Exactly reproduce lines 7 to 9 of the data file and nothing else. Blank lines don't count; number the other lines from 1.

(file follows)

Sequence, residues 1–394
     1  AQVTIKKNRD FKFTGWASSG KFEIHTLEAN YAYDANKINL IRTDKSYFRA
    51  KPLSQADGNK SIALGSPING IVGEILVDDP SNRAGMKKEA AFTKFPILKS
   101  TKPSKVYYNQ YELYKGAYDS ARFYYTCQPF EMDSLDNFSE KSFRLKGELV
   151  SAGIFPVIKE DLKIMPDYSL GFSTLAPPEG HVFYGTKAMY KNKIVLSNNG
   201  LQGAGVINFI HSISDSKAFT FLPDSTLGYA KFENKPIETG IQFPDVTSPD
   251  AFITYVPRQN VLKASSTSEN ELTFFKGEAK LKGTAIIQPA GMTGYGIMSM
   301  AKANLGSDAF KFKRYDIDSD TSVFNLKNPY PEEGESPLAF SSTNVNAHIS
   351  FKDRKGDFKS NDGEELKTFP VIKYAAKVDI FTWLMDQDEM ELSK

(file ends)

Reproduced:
   251  AFITYVPRQN VLKASSTSEN ELTFFKGEAK LKGTAIIQPA GMTGYGIMSM
   301  AKANLGSDAF KFKRYDIDSD TSVFNLKNPY PEEGESPLAF SSTNVNAHIS
   351  FKDRKGDFKS NDGEELKTFP VIKYAAKVDI FTWLMDQDEM ELSK